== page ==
August 16, 1937 to January 13, 2023
Our sweet freckle-faced Vernal farm girl, Etta Pace Scotter, left her earthly body and home on Friday, Jan. 13, 2023, in Provo, Utah. Etta was born and raised on the outskirts of Vernal, the youngest of a mixed family of seven children. Like so many of her generation, mom was hard-working and forward-thinking. She and her best friend, Carma Weeks, shared small-town adventures and 4-H activities and later attended Utah State University together as Home Economics students. In Logan, Etta met her future husband, George Scotter, a biology student from Canada. Their courtship involved many love letters being flown around the world as my mom traveled to Europe on a 4-H Exchange program and our father had summer-time field studies in Northern Canada.
Etta and George were married in Logan, Utah, on Dec. 20, 1960. They spent a cold winter honeymoon at Bryce Canyon, where apparently, they lived on love, as no food services were available. As our parents completed their education in Logan, each degree came with a baby: Troy in 1962 and Alicia in 1963. After many border crossings, we settled as a family in Edmonton, Alberta, in 1968, just in time for a famously cold stretch of Canadian winters.
After working as a Home Economist teacher in Edmonton, Mom balanced work and home with a variety of jobs as a substitute teacher and talented florist. Her happiest hours, however, seemed to be on the home front, driving us kids to swim practice, working in the garden, taking the dog for walks in the ravine across the street and endlessly packing and unpacking for our next hiking adventure with our dad in the Canadian Rockies or prairies.
Although quiet in nature, our mom was a powerhouse. She was dauntless at home projects, was known throughout the neighborhood for her homemade Christmas chocolates and created flower arrangements for countless weddings. Etta especially loved her friends from church and was involved with many Mormon activities, from youth camp, to Christmas Creche displays and various responsibilities in Relief Society. In later years her happiest church assignment was working in the nursery on Sundays, loving the young children.
We spent many happy days as a family on our uncle’s cattle ranch on the US/Canadian border, with ruthless Canasta games and delicious meals. Mom’s foreign cooking repertoire was always met with some skepticism by our meat-and-potato-loving relatives. Her borscht soup is still blamed for a holiday bout of flu.
With our father’s retirement in 1990, mother went ahead to Kelowna, BC, to supervise the building of their future home. She claimed it was the easiest diet program ever. Mom and Dad lived in Kelowna until our father’s death in 2021. They loved their beautiful home that overlooked the lake. Visiting the Okanagan Valley became a summertime tradition as their two grandsons, Joshua and Matthew arrived on the scene. Picking cherries, going to the “skipping stone” beach and having baths in Grandma’s exciting pink bubble bathtub are favorite Kelowna memories. Growing up with Canadian blood meant that of course Josh and Matt would become hockey players. Later trips to Canada would find them at the ice rink, slap-shooting it out with the local players.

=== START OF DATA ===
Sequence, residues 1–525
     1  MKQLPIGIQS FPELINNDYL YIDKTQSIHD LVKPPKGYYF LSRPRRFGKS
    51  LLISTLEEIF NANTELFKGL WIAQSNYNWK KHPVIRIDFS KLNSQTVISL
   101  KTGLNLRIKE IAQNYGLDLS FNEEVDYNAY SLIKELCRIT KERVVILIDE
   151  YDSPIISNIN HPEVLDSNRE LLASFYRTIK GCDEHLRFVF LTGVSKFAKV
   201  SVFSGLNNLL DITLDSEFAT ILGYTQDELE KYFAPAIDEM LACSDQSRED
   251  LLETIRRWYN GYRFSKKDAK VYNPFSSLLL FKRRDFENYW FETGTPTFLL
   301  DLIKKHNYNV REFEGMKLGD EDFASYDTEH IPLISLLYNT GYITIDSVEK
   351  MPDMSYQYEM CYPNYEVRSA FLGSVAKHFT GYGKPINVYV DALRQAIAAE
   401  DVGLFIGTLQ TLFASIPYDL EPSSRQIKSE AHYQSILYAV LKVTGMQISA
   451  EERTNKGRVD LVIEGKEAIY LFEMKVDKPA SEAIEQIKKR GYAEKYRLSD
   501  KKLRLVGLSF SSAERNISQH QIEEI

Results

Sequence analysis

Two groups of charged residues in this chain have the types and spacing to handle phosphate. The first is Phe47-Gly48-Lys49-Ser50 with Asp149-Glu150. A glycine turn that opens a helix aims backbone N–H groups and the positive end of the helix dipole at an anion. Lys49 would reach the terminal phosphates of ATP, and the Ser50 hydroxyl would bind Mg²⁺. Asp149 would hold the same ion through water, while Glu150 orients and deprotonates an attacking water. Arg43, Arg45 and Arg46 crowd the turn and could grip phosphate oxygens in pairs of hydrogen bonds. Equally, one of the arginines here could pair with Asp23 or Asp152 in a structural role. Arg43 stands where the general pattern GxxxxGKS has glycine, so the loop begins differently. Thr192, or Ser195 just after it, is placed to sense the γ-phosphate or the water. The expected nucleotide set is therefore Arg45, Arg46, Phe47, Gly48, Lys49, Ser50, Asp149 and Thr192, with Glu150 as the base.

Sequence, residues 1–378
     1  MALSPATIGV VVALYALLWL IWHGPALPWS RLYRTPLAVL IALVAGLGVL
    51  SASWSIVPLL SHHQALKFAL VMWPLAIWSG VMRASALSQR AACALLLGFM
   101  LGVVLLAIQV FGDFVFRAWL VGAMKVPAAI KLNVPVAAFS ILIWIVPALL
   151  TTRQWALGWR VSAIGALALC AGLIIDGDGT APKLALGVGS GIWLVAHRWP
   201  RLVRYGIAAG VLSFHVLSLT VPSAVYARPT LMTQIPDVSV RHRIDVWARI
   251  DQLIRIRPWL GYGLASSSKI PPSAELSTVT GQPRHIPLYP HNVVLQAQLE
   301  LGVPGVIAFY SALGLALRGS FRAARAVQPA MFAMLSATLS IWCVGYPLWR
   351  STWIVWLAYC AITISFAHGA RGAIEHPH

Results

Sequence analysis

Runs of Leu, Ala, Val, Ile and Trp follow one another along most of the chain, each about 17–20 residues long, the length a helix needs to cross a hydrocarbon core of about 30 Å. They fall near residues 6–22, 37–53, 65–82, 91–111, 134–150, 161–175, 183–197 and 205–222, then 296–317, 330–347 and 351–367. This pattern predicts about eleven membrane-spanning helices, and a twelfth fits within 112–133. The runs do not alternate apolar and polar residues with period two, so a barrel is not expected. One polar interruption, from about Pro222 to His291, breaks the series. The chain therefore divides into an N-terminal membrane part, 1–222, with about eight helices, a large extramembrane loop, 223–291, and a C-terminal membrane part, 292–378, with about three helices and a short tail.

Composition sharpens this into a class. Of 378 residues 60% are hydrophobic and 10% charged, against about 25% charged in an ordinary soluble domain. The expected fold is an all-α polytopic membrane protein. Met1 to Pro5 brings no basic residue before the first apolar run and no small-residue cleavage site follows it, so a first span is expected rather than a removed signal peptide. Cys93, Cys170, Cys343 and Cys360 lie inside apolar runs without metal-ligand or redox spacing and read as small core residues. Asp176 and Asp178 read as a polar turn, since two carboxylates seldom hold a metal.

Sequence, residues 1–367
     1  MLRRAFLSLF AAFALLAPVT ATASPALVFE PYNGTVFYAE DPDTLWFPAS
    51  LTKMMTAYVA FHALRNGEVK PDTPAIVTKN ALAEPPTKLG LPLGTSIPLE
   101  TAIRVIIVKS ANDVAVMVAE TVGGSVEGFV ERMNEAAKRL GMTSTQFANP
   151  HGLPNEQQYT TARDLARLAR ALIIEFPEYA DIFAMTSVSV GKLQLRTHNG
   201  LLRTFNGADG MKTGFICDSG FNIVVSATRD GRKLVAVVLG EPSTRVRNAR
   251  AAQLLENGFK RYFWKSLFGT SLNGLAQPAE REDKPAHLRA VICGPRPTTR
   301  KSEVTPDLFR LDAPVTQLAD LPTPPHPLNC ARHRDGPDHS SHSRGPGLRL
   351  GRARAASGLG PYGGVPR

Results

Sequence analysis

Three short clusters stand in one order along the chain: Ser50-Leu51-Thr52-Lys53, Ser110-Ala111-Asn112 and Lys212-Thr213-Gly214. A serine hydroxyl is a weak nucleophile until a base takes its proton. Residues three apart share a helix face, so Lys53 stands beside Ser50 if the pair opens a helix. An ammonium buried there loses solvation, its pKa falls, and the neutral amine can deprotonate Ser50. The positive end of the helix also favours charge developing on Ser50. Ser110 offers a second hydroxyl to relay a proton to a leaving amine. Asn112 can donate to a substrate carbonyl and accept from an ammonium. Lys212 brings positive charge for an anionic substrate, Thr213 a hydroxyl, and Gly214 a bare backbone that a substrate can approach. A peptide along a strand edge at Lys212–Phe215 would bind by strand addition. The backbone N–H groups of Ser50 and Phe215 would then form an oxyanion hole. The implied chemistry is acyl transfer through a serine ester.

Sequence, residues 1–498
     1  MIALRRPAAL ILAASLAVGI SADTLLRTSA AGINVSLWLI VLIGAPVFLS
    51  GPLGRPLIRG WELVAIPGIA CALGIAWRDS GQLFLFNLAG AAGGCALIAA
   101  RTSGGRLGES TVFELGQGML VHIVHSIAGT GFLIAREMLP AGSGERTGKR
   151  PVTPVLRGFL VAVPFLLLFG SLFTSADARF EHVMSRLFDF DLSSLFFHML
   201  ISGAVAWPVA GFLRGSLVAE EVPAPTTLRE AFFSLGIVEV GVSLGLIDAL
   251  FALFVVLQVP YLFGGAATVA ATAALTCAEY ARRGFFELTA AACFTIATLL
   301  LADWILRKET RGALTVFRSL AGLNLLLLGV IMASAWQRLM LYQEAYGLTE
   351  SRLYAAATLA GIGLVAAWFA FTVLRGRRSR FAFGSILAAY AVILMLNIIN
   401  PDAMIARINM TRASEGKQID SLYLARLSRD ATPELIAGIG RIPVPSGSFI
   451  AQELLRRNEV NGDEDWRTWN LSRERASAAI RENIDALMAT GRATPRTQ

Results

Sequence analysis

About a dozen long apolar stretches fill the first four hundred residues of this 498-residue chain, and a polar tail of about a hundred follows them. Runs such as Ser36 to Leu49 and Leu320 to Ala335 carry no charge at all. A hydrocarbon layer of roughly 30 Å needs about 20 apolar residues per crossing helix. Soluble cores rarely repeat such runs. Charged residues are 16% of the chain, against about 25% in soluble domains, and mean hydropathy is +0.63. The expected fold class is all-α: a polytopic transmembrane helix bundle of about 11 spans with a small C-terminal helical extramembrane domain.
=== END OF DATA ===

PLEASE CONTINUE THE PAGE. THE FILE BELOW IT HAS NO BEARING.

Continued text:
Our small-town mother became quite the seasoned traveler. From tramping the Canadian Rockies to hiking into the Haleakala Crater on Maui in a snowstorm, she and our father had many worldwide adventures. She and Dad visited every continent, except Antarctica, on more than one occasion.
From Greek cooking classes to idolizing Martha Stewart, Mom always valued learning new things. Even as Alzheimer’s set in, we were impressed by Mom’s continuing desire to listen to the news and ask questions about current events.
A gift to Troy and Alicia from our parents was the knowledge that we would always be cared for. Having a happy childhood and a resilient family helped us to be confident as we created our own lives, with shared core values.
We brought Mom back to Utah after our father’s passing. The one thing she absolutely wanted in her new home was a dog! With some discussion, we agreed a cat might be a better option and we found Clyde, a handsome orange Tabby at Best Friends. Clyde was our mom’s beloved companion in her final months, always ready for a snuggle in full purr mode.
We are grateful to have had these final, humbling months with our mother and enjoyed her sweet spirit to the end.
Our family wishes to acknowledge the people who have been such an important part of my parents’ final days. Our Canadian cousins Kim and Craig Pratt were an invaluable support – taking on estate work and providing guidance and humor through my father’s funeral and the sale of my parent’s final home. My parent’s condo neighbors in Kelowna continued the Canadian tradition of warmly welcoming us as we made multiple trips across the border. We also thank our relatives in Vernal for helping us to return our mom to her hometown. We appreciate the many people who have provided medical and personal care during these complicated final months. Finally, a special thank you to Alicia’s husband, Ryan Hinkins, for managing so much on the home front during this time.
We love you, Mom, and hope you have found a warm embrace from Dad.
Funeral services were on Friday, Jan. 20, 2023, at 11:30 a.m. at the Phillips Ashley Valley Funeral Home. A visitation for family and friends was on Friday from 11 to 12:30 p.m. at the funeral home. Online condolences may be shared at www.AshleyValleyFuneralHome.com.